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ECB Officials Express Confidence as Economy Begins to Stabilize

European Central Bank officials expressed confidence over the euro area’s brightening economic outlook, while hinting at differing preferences for the speed at which monetary policy should respond to recent improvements.

Bundesbank President Jens Weidmann — whose country has been at the crux of a broader slowdown in the region — said Germany’s excellent labor-market situation and rising incomes should help boost private consumption, with a strong increase in retail sales in the first quarter providing an early indication of the trend. He urged the ECB to press ahead with its exit from unconventional monetary policy if inflation allows.

“From today’s perspective, much suggests that the economy is only experiencing a temporary weak phase and will pick up speed again after its soft patch,” he said in a speech in Dusseldorf, Germany, late Thursday.

Finnish central-bank Governor Olli Rehn, speaking in Stockholm, noted this week’s stronger-than-expected growth reading for the region as evidence of a recovery, but warned against overreacting to the data.

“Some very recent indicators hint at stabilization,” he said. “This is good news, of course. But in my view we should not jump the gun after the first green shoots and change the course. In policy-making, it is often better to be safe than sorry.”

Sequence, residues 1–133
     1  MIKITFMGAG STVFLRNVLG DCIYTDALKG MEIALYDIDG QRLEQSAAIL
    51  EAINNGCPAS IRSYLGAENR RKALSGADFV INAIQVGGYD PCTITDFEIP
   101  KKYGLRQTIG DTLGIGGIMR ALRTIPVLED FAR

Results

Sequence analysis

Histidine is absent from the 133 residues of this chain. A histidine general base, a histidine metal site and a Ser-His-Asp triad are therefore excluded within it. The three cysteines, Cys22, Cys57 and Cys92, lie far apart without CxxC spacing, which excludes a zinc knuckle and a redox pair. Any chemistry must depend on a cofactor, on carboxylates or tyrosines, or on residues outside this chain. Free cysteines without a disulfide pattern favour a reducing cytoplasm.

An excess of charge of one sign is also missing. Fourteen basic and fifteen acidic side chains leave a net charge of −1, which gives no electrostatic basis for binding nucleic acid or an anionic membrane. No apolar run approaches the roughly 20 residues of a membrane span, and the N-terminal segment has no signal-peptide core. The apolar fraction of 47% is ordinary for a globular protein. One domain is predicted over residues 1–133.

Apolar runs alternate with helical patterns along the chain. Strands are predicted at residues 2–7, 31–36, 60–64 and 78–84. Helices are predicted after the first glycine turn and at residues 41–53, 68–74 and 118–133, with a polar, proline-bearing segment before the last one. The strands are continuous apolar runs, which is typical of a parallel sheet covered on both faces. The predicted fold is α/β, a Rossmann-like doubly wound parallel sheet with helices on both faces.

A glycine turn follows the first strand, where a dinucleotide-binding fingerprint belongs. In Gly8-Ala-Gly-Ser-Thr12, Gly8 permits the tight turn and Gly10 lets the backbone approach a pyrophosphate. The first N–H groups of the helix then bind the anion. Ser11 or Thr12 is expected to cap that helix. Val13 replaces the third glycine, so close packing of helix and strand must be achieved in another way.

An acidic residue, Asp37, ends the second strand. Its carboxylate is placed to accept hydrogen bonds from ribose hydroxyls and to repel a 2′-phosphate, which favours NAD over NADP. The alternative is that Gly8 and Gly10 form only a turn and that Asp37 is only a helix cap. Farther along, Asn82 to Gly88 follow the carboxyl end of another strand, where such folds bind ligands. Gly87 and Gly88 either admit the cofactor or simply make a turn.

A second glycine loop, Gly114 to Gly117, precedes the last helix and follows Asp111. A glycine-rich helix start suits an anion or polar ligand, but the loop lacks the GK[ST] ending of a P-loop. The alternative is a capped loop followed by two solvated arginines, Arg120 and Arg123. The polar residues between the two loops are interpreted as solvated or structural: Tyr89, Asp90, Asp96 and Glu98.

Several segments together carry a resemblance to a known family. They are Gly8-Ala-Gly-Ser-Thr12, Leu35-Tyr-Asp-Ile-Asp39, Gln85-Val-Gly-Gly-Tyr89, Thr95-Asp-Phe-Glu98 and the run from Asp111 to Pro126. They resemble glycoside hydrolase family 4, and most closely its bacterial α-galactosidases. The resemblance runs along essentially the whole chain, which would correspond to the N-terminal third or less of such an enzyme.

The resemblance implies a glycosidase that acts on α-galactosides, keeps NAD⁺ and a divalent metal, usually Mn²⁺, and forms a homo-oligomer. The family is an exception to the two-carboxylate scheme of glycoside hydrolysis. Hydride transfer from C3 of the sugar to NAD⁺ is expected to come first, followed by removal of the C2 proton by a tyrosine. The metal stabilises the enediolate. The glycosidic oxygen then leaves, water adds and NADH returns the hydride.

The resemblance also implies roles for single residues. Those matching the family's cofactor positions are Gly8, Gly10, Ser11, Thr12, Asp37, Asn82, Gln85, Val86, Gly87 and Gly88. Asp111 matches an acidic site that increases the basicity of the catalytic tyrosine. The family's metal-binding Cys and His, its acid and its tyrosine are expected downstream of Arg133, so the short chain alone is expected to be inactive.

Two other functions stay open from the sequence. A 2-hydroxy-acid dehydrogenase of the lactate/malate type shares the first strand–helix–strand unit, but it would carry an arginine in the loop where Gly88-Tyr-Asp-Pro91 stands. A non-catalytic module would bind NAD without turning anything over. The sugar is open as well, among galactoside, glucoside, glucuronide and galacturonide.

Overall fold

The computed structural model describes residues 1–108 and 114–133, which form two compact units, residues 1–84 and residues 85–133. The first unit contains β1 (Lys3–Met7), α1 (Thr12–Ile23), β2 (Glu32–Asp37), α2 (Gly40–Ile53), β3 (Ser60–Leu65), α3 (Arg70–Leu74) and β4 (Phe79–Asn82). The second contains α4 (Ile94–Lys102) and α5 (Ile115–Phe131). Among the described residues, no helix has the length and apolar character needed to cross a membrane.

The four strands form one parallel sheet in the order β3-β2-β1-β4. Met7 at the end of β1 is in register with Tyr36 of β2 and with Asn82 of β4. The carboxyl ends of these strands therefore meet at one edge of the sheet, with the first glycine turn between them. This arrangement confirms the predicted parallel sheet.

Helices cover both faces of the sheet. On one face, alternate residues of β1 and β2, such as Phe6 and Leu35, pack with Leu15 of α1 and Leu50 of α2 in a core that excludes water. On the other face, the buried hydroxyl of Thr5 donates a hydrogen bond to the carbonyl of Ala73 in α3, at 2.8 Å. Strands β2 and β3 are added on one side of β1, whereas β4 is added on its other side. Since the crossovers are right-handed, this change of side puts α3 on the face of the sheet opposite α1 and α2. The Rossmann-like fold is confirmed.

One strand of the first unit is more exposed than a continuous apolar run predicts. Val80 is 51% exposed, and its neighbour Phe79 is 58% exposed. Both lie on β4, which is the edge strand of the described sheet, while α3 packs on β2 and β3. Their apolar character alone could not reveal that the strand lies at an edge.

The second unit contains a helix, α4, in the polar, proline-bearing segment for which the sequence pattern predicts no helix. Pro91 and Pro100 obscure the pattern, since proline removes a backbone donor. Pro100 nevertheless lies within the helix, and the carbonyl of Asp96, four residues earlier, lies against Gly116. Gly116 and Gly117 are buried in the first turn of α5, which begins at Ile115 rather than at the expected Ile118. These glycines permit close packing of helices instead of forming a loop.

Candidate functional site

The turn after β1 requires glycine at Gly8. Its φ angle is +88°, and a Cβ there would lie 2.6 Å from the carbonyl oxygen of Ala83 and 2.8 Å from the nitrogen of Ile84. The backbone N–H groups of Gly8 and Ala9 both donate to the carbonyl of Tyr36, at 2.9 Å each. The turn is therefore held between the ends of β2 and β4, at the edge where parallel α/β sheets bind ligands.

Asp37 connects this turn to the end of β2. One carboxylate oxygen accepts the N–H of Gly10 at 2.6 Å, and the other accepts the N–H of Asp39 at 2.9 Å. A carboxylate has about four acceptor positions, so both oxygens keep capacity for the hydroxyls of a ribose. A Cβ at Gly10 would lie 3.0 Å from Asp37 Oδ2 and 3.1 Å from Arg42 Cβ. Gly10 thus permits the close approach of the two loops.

The officials’ remarks follow several weeks of mixed economic data, with gauges of confidence in Germany and the wider euro area signaling further deterioration, while growth of 0.4 percent in the first quarter beat economists’ expectations. The region’s manufacturing slump showed tentative signs of improvements in April as Italy’s contraction slowed markedly and French industry stopped shrinking.

Such reports bode well for expectations of a rebound in the second half. ECB officials have repeatedly assessed the region’s slowdown as mostly transitory, even while laying the groundwork for further stimulus should it be needed. In March, the ECB pushed back expectations for interest-rate hikes and announced a new round of long-term loans to banks.

“The task of monetary policy is to maintain price stability in the euro area,” Weidmann said. “That means to react to weak domestic price pressures, but also to continue down the path of normalization and not to procrastinate unnecessarily, if inflation prospects allow. An extraordinarily expansionary monetary-policy stance can’t be a permanent state, not least because it comes with risks and side effects.”

Both Weidmann and Rehn are seen as leading contenders for the ECB presidency after the central bank’s current chief Mario Draghi steps down in October. European Commission President Jean-Claude Juncker, whose job is also up for grabs this year, endorsed Weidmann in a Handelsblatt interview, calling him a “convinced European and experienced central banker.”

Rehn has been an active proponent of reviewing the ECB’s strategy after the central bank has for years failed to significantly lift inflation. Austrian Governor Ewald Nowotny supported the initiative on Thursday, while ECB chief economist Peter Praet — whose term ends this month — cautioned against major changes.

“One has to be careful about the words you use and the signals you send to the markets. At the end of the day your mandate is price stability,” he said in Vienna. “The framework has served us well.”
Source: Bloomberg

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